Studio: Paramount Pictures
Director: Henry Joost, Ariel Schulman
Writer: Christopher Landon, Chad Feehan
Producer: Jason Blum, Oren Peli
Stars: Kathryn Newton, Matt Shively, Aiden Lovekamp, Brady Allen, Stephen Dunham, Alexondra Lee, Katie Featherston
Five years after their disappearance, Katie and Hunter resurface as a new family begins experiencing paranormal activity.
“Paranormal Activity 4” is the film franchise equivalent of a hot band unsure of what to produce for its next album. They know they have to strike while the iron of commercial popularity remains hot, but meteoric success dried the creative well prematurely. To maintain a presence, or to fulfill a contractual obligation (in this case: an annualized release date), they toss out a “Greatest Hits” compilation of things that were good enough in the past. The hope is that fans will eat up the regurgitation while the artists buy time to figure out how they really should be moving forward.
As the first series sequel to show more than a scant few minutes of events following part one’s conclusion, part four should be free from having to stuff itself inside the confines of already established storylines. Here is an opportunity to be unencumbered by prequel status, with an open direction to take PA towards new heights. Instead, “Paranormal Activity 4” settles for getting by on that aforementioned “best of“ compilation featuring retreads of Paranormal Activities past.
It has been five years since a possessed Katie Featherston murdered her extended family and disappeared with her nephew Hunter. In late 2011, Katie and a little boy resurface across the street from the Nelson family in Nevada. The Nelsons have a young son the same age as Hunter. After little Wyatt Nelson makes friends with Katie’s “son” Robbie, strange occurrences begin happening throughout the Nelson household. And Wyatt’s big sister Alex is the only one who suspects that the new family across the street may not be as innocent as they seem.
What are these strange occurrences haunting the Nelsons? Pretty much the same things that plagued Micah, Katie, Kristi, and everyone else who participated in the previous three movies.
Invisible hands tug sheets off sleeping family members. Young ones speak with an imaginary friend named Tobi. Toddler toys with a mind of their own startle someone investigating strange noises. Google uncovers demonology factoids that lend credence to unbelievable theories about an evil presence. And parental figures pooh-pooh it all as nonsense. The only scene PA4 does not redo is breaking out the Ouija board.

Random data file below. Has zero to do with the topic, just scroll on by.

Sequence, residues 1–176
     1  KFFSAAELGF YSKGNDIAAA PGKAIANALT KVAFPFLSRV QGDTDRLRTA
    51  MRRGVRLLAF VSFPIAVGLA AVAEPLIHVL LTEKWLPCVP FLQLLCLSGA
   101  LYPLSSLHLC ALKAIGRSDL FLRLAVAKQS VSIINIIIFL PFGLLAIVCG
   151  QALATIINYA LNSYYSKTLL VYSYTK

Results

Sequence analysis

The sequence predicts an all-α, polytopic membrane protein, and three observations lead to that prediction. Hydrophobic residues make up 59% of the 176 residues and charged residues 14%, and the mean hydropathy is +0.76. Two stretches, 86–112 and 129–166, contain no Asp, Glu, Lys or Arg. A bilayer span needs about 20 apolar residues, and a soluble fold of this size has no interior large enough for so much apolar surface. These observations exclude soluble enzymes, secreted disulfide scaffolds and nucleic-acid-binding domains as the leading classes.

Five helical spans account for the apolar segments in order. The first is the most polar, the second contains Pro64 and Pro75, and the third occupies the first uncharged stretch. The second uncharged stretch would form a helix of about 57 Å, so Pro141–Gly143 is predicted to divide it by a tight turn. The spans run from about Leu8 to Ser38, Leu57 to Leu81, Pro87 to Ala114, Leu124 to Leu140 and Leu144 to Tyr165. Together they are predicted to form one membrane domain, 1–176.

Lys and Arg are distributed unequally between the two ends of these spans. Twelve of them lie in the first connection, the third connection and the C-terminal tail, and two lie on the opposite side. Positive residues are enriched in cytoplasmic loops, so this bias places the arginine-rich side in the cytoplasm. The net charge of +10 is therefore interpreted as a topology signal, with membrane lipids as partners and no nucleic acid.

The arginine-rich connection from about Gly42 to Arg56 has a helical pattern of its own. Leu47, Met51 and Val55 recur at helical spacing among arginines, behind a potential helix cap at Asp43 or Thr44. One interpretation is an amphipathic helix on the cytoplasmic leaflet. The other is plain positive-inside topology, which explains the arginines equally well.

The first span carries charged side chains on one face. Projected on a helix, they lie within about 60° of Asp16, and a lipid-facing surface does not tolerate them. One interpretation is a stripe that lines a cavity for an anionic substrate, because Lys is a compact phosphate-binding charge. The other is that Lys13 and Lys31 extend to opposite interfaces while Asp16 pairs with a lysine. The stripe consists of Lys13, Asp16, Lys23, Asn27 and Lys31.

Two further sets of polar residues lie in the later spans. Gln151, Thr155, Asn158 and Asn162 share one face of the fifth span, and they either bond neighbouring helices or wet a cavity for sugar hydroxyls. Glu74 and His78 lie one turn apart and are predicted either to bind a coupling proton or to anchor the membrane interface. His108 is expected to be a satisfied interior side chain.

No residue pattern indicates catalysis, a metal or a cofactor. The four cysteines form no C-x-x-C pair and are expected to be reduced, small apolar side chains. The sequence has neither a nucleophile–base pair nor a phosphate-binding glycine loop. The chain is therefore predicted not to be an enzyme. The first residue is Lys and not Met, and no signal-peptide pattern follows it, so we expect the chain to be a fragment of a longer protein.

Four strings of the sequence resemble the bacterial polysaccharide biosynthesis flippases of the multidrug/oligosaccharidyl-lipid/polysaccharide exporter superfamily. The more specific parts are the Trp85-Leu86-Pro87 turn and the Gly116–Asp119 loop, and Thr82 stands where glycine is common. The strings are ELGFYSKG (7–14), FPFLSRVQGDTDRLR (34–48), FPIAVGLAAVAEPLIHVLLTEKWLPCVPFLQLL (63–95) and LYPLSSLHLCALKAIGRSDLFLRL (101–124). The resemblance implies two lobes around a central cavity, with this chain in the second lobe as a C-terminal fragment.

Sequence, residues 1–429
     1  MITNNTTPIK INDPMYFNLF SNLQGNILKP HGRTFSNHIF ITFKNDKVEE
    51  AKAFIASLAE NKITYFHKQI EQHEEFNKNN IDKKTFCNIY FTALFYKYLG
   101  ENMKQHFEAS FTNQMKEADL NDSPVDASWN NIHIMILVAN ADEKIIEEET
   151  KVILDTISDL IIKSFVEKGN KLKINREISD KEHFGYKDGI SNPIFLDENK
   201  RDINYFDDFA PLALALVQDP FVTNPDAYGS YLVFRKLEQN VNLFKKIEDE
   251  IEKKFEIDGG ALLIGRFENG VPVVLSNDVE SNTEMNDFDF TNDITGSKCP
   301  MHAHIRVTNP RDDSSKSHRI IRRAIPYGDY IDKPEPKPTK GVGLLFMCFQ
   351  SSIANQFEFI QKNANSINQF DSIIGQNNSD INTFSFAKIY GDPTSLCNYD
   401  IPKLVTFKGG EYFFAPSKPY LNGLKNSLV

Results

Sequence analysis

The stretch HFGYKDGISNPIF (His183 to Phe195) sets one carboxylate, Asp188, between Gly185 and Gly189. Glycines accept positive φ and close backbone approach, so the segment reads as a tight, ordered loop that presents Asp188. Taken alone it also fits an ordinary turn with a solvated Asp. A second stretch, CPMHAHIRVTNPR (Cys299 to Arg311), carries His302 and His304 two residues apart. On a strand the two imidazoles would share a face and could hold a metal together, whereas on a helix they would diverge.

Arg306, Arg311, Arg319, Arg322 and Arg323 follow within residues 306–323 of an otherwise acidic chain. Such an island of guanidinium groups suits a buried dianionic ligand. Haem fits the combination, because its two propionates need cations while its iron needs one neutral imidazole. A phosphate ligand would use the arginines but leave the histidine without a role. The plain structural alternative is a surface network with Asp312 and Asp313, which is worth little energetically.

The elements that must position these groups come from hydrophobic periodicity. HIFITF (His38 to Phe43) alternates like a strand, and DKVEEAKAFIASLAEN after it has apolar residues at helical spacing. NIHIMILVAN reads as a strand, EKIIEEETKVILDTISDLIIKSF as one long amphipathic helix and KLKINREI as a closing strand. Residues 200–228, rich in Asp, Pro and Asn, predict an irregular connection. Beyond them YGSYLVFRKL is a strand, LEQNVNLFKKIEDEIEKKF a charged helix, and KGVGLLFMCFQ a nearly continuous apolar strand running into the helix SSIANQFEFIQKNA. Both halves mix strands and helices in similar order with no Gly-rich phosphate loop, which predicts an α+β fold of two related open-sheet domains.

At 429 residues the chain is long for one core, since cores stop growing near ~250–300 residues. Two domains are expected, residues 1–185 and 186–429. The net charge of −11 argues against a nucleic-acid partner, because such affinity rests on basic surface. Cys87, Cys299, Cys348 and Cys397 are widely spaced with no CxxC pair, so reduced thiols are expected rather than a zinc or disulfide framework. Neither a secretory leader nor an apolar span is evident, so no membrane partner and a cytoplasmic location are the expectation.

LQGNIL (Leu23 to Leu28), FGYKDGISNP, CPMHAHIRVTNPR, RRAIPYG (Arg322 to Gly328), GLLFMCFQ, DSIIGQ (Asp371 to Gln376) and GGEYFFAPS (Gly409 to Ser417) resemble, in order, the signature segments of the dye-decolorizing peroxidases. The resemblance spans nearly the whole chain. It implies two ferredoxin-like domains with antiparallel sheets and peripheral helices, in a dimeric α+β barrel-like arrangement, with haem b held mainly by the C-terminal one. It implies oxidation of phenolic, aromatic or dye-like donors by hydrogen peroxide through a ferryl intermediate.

It is an oft-heard complaint about the progress of the PA series and it is well earned by the fourth installment: this is recycled material seen before. Three other times in fact, and that does not include similar movies that the series inspired in between. Every time the filmmakers repurpose the same setup under the pretense of being a “new” installment, the train of faithful fans loses more passengers grown tired of the formula.
PA4 even scratches the needle and starts skipping its own record to borrow scares from within the same movie. A person fills the frame suddenly from the right side to create a jump scare. A Prius races into frame from the left to provide another. A knife falls from the top of the screen for one more. Then the cycle starts again from the right side with a cat bumping into the lens. Only so many of these moments can go on before the audience starts responding with, “enough already” instead of with a shriek.
Previous PA movies let wandering minds scare themselves by flitting eyes across shadows, eagerly soaking in each shot in anticipation of where, when, and how the next fright would take place. The way PA4 telegraphs jumps by obscuring the frame only for something to suddenly appear from behind or from the side deflates the tension and replaces it with a purely sensory assault. This is great for guys with jumpy girlfriends or those who enjoy being startled easily. Everyone else? Not so much.
The scares stay empty thanks to a script that is not working to make emotional or psychological connections with the characters, including the entity. In earlier PA movies, the demon’s gradual ramping of suburban terror played like a mind game. He/she/it wanted to tenderize Katie and Kristi and their families’ psyches before possessing or driving them mad. PA4’s version of the malevolent presence merely knocks over books or drops a ball down the staircase. This demon is taking a step backward from the mental torment portrayed in PA1-PA3 with paranormal activity that actually is just as likely to be explained as a draft.
Characters too are vapid vessels moving the beats ahead. The parents have some marital issues and other details attempting to add depth, but they are as ancillary as anything else in the movie. Doug and Holly are not even obstacles getting in the way with repeated dismissals of paranormal claims. They are just empty personalities that sort of happen to be there.
A late inning substitution for a particular person’s identity is an unpredictably clever twist at first glance. Then taking a second to let it settle shows that the development does not make sense given a half dozen reasons that would be spoilers to discuss. Clearly, “Paranormal Activity 4” is tuned in to surface appeal for its frights and for its story. Context and substance stay unseen in the ether, somewhere next to the family demon.
“Paranormal Activity 4” drips little into the bucket of the overarching mythology and has even less to offer for lasting impact. There comes a time when overdone material has to be retired and an artist needs to forge ahead on a new creative path. For the “Paranormal Activity” franchise, it is no longer arguable that its time has come.
NOTE: There is a post-credits scene.
Review Score: 45